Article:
In defendant's final argument on appeal, he contends that the trial court abused its discretion by denying his motion for appropriate relief (MAR) on the grounds that the State presented insufficient evidence to support the jury's verdict of second degree murder, and that the State failed to refute defendant's claim of self defense at trial. We disagree.
Defendant made a timely motion pursuant to N.C. Gen. Stat. § 15A-1414(b)(2)(2005). This section provides, in pertinent part, that all errors, including but not limited to the following, mustbe asserted within 10 days after entry of judgment: [t]he verdict is contrary to the weight of the evidence.
We review the trial court's order denying a motion for appropriate relief under an abuse of discretion standard. State v. Haywood, 144 N.C. App. 223, 236, 550 S.E.2d 38, 46 (2001). An abuse of discretion results where the trial court's ruling is manifestly unsupported by reason or is so arbitrary that it could not have been the result of a reasoned decision. State v. Hennis, 323 N.C. 279, 285, 372 S.E.2d 523, 527 (1988).
The elements of second-degree murder are: (1) the unlawful killing; (2) of another human being; (3) with malice; but (4) without premeditation and deliberation. N.C. Gen. Stat. § 14-17 (2005); State v. Coble, 351 N.C. 448, 449, 527 S.E.2d 45, 46-47 (2000). Our Supreme Court has determined that 'intent to kill is not a necessary element of second-degree murder, but there must be an intentional act sufficient to show malice.' State v. Rich, 351 N.C. 386, 395, 527 S.E.2d 299, 304 (2000)(quoting State v. Brewer, 328 N.C. 515, 522, 402 S.E.2d 380, 385 (1991)). Malice is not necessarily an actual intent to take human life. State v. Wilkerson, 295 N.C. 559, 578, 247 S.E.2d 905, 916 (1978). [I]t may be inferential or implied, instead of positive, as when an act which imports danger to another is done so recklessly or wantonly as to manifest depravity of mind and disregard of human life. Id. at 578-79, 247 S.E.2d at 916 (citations omitted).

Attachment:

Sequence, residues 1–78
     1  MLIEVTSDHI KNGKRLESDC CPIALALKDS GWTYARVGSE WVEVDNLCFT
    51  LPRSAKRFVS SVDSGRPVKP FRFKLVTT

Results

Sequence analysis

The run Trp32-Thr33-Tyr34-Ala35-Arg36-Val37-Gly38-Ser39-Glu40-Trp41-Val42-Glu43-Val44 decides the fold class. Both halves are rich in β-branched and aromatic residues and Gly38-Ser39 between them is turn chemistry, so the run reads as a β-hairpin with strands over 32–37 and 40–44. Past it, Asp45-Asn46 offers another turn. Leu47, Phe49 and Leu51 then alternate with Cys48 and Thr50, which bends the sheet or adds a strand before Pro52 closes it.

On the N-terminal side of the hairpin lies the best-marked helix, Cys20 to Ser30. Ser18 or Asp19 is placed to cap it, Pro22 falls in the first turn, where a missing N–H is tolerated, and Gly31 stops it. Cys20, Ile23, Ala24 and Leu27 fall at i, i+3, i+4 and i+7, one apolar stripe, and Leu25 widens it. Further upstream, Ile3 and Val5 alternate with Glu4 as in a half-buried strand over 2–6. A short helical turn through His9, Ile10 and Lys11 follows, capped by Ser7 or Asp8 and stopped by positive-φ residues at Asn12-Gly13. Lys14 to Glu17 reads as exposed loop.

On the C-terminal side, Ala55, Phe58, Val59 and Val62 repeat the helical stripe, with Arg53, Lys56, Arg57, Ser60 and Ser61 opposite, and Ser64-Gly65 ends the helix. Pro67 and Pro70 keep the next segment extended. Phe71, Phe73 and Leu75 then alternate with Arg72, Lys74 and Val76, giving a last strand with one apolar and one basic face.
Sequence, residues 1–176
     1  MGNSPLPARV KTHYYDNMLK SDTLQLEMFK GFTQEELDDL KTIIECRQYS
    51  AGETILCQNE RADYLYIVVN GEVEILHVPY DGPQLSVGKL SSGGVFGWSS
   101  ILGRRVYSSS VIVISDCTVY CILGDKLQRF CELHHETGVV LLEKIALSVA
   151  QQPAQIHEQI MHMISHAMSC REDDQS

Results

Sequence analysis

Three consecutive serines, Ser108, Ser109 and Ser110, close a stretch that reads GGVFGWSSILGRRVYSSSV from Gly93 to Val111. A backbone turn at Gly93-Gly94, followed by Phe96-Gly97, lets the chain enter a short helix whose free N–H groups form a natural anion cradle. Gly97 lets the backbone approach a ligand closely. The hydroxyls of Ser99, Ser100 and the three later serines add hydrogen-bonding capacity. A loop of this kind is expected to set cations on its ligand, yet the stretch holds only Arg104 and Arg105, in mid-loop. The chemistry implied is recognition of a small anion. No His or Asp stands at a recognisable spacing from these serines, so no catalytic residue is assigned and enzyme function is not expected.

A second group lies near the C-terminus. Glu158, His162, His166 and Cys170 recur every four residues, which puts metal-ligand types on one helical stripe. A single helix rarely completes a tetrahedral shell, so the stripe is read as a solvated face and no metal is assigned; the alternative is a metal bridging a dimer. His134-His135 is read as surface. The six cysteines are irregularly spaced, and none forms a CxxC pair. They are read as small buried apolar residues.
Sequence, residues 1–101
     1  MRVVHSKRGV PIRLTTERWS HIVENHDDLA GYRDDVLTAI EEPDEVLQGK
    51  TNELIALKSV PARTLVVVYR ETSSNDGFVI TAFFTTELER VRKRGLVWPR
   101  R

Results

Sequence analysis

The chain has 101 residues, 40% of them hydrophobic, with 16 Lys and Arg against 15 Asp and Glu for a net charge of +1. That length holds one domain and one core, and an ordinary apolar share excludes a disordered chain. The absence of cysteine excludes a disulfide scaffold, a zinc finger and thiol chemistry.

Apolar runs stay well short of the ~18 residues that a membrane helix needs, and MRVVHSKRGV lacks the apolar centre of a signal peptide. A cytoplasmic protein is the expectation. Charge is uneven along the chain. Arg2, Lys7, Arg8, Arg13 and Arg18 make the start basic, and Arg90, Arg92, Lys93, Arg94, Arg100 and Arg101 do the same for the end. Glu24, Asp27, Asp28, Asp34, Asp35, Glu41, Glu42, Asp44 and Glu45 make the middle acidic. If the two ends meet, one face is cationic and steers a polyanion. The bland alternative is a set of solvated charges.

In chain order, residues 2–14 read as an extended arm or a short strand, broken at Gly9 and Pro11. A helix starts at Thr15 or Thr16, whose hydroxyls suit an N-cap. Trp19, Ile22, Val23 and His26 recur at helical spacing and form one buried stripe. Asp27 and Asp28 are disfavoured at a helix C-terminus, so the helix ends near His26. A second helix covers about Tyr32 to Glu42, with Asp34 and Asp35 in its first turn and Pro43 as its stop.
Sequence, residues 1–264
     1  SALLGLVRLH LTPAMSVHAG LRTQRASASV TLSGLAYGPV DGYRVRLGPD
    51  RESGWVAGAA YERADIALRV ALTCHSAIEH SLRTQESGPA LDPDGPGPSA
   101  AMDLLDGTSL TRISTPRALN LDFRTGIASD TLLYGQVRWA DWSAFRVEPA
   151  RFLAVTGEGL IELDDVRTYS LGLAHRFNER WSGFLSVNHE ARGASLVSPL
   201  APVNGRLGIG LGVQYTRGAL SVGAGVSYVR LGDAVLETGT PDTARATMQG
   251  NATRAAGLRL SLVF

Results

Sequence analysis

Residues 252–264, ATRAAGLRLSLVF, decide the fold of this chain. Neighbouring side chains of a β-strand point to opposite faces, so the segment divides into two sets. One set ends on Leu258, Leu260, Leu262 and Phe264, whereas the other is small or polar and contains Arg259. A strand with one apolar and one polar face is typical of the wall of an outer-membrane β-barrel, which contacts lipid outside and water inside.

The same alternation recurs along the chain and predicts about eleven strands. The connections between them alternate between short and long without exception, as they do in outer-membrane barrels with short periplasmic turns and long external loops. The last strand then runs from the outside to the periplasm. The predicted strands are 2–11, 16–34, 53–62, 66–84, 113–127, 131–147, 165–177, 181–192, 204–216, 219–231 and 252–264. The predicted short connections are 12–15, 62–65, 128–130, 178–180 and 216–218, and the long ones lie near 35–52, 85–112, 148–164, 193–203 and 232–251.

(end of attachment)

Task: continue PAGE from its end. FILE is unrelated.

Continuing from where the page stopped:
A killing, such as second degree murder, is committed in perfect self-defense if, at the time of the killing: (1) it appeared to defendant and he believed it to be necessary to kill the deceased in order to save himself from death or great bodily harm; and
(2) defendant's belief was reasonable in that the circumstances as they appeared to him at the time were sufficient to create such a belief in the mind of a person of ordinary firmness; and
(3) defendant was not the aggressor in bringing on the affray, i.e., he did not aggressively and willingly enter into the fight without legal excuse or provocation; and
(4) defendant did not use excessive force, i.e., did not use more force than was necessary or reasonably appeared to him to be necessary under the circumstances to protect himself from death or great bodily harm.
State v. Norris, 303 N.C. 526, 530, 279 S.E.2d 570, 572-73 (1981) (citations omitted). The State bears the burden of proving that defendant did not act in self-defense. State v. Ammons, 167 N.C. App. 721, 725, 606 S.E.2d. 400, 403 (2005) (quoting State v. Hamilton, 77 N.C. App. 506, 513, 335 S.E.2d 506, 511 (1985)).
To negate the defense of self-defense altogether, the State need only prove beyond a reasonable doubt the non-existence of either the first or second element, i.e., either defendant had no belief that it was necessary to kill to save himself from death or great bodily harm, or that defendant's belief, if he had one, was unreasonable because the circumstances as they appeared to defendant were not sufficient to create such a belief in the mind of a person of ordinary firmness.
Ammons, 167 N.C. App. at 726, 606 S.E.2d. at 404 (quoting State v. Reid, 335 N.C. 647, 670, 440 S.E.2d 776, 789 (1994)).
Here, the evidence supports a conclusion that defendant acted with malice in killing Andrews. In addition, the evidence fails toillustrate that defendant held a reasonable belief that it was necessary for him to kill Andrews to save himself from either death or great bodily harm. Accordingly, the trial court did not abuse its discretion in denying defendant's motion for appropriate relief. This assignment of error is overruled.
Judges GEER and JACKSON concur.
Report per Rule 30(e).
*** Converted from WordPerfect ***